A perspective on the Trinity was provided by Abdel-Hakim Murad (from a lecture at Oxford in 1996) wherein he stated “What I will try to do, then, is to set out my own understanding, as a Muslim, of the Trinitarian doctrine. I would start by making the obvious point that I recognize that a lot is at stake here for historic Christian orthodoxy. The fundamental doctrine of Trinity makes no sense unless the doctrines of incarnation and atonement are also accepted. St Anselm, in his Cur Deus Homo, showed that the concept of atonement demanded that Christ had to be God, since only an infinite sacrifice could atone for the limitless evil of humanity, which was, in Augustine’s words, a massa damnata – a damned mass because of Adam’s original sin. Jesus of Nazareth was hence God incarnate walking on earth, distinct from God the Father dwelling in heaven and hearing our prayers. It thus became necessary to think of God as at least two in one, who were at least for a while existing in heaven and on earth, as distinct entities. In early Christianity, the Logos which was the Christ-spirit believed to be active as a divine presence in human life, in time became hypostatized as a third person, and so the Trinity was born. No doubt this process was shaped by the triadic beliefs which hovered in the Near Eastern air of the time, many of which included the belief in a divine atonement figure.”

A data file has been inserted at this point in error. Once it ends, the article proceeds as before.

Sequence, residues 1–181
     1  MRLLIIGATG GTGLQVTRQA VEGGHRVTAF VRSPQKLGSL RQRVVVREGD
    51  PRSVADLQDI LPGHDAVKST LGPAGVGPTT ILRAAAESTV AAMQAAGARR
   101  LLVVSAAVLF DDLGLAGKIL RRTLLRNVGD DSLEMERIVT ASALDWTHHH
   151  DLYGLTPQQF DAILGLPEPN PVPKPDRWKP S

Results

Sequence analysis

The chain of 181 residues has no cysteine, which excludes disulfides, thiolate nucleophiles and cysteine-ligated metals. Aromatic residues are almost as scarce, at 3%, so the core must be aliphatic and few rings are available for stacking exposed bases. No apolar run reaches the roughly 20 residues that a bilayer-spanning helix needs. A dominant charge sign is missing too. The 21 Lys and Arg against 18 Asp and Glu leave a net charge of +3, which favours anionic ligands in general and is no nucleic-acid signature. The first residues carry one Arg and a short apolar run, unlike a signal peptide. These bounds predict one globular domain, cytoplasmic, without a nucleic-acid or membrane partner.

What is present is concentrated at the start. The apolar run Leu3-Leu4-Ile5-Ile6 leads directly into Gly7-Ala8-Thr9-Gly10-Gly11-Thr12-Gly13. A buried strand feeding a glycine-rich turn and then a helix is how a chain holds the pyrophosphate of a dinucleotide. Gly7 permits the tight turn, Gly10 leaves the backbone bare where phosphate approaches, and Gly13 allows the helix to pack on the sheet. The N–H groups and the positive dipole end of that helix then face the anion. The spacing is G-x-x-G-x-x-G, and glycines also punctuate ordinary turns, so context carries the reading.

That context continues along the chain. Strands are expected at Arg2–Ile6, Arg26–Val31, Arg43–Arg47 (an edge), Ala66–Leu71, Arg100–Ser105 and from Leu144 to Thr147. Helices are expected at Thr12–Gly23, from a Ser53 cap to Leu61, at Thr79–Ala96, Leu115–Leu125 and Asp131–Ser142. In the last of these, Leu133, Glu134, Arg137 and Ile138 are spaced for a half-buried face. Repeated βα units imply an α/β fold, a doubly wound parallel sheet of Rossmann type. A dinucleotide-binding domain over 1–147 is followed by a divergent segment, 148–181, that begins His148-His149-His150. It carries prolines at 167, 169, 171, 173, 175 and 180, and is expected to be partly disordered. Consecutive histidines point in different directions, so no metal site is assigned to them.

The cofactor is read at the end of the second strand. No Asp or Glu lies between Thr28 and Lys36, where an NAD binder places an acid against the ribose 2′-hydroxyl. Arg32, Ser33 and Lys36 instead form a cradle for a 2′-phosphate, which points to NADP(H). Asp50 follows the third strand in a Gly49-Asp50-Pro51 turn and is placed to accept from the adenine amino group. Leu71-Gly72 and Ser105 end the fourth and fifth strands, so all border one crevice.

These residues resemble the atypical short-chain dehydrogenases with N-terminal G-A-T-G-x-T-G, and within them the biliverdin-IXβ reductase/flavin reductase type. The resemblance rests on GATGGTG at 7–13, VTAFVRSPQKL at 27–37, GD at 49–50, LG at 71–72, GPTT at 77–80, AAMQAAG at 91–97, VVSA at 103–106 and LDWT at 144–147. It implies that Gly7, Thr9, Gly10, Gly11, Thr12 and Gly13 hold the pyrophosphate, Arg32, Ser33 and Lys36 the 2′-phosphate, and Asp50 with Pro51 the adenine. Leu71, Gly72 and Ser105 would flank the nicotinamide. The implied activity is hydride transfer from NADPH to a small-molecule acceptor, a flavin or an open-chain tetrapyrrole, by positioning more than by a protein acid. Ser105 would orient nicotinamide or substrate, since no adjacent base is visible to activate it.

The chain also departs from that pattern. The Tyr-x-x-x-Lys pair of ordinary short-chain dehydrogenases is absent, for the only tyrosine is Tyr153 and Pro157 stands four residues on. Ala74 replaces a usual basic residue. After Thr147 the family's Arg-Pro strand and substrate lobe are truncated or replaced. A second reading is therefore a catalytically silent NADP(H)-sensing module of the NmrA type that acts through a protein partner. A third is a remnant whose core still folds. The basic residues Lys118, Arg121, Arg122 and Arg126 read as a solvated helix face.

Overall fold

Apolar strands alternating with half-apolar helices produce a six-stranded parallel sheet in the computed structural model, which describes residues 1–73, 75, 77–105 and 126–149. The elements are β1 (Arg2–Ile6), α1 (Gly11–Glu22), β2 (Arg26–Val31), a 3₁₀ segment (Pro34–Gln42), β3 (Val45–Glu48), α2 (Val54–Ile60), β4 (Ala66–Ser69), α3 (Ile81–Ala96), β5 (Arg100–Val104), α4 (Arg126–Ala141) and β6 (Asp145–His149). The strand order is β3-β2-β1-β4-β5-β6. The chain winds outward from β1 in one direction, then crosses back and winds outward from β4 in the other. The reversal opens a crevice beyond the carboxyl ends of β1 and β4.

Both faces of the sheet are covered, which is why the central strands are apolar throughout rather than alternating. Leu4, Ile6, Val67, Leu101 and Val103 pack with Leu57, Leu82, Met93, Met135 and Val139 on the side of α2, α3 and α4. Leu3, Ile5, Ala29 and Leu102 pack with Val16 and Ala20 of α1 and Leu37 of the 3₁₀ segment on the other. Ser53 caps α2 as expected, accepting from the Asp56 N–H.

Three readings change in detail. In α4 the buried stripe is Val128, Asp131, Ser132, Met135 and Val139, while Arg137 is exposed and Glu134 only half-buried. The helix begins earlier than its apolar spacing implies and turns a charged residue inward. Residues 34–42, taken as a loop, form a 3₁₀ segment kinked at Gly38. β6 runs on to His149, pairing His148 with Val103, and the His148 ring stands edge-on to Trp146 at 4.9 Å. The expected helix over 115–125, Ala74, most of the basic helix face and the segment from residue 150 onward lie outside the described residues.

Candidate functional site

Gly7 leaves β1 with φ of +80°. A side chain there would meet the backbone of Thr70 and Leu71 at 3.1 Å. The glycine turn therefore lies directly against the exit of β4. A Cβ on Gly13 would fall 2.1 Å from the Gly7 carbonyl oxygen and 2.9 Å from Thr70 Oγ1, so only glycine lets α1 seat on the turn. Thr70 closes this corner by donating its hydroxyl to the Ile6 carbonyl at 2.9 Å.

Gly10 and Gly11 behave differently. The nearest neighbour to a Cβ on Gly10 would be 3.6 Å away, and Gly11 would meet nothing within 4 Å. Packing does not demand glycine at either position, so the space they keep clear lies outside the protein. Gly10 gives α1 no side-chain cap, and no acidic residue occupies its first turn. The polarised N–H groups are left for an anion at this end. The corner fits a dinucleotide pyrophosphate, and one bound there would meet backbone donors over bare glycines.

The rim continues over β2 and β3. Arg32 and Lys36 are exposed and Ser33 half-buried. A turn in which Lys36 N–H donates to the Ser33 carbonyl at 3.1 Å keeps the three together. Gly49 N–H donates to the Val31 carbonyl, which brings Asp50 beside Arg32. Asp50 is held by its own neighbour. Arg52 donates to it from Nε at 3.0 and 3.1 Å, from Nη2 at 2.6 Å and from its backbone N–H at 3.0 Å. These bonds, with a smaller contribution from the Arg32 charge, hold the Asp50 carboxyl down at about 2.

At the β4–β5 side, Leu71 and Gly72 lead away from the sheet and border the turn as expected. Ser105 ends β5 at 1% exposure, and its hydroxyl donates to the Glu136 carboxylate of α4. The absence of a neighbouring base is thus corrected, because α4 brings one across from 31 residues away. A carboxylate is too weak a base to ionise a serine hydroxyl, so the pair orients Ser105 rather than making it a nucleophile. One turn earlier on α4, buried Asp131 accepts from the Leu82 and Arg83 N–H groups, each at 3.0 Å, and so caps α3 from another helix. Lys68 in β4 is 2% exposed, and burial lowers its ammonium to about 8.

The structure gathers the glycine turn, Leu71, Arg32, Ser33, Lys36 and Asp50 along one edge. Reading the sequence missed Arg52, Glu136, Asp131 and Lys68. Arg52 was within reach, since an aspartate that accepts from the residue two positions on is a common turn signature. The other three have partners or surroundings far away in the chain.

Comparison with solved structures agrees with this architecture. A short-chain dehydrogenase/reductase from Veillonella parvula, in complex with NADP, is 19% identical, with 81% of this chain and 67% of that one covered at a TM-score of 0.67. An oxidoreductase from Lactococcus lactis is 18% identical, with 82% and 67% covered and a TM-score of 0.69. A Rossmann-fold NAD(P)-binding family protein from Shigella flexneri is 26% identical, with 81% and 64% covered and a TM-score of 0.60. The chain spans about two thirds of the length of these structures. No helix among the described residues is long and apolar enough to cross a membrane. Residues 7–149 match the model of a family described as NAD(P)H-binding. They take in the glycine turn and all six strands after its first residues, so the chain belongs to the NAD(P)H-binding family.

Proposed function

More from Murad’s lecture: Three centuries after Nicaea, the Quran stated:
‘The Messiah, son of Mary, was no other than a messenger, messengers the like of whom had passed away before him (sura 5.75) . . . O people of the Book – stress not in your religion other than the truth, and follow not the vain desires of a people who went astray before you.’ (Surat al-Ma’ida, 75)(sura 3:69-71)(sura 4.171)
‘O people of the Scripture! Do not exaggerate in your religion, nor utter anything concerning God save the truth. The Messiah, Jesus son of Mary, was only a messenger of God, and His word which He conveyed unto Mary, and a spirit from Him. So believe in God and His messengers, and do not say ‘Three’. Desist; it will be better for you. God is only One God. . . . The Messiah would never have scorned to be a slave of God.’ (Surat al-Nisa, 171-2)(sura 4.171) “